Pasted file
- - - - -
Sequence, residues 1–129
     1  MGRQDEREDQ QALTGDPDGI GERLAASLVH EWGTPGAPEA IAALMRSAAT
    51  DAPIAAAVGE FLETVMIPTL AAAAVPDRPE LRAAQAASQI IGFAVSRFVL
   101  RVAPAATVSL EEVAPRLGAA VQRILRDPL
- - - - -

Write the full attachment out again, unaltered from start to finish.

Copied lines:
Sequence, residues 1–129
     1  MGRQDEREDQ QALTGDPDGI GERLAASLVH EWGTPGAPEA IAALMRSAAT
    51  DAPIAAAVGE FLETVMIPTL AAAAVPDRPE LRAAQAASQI IGFAVSRFVL
   101  RVAPAATVSL EEVAPRLGAA VQRILRDPL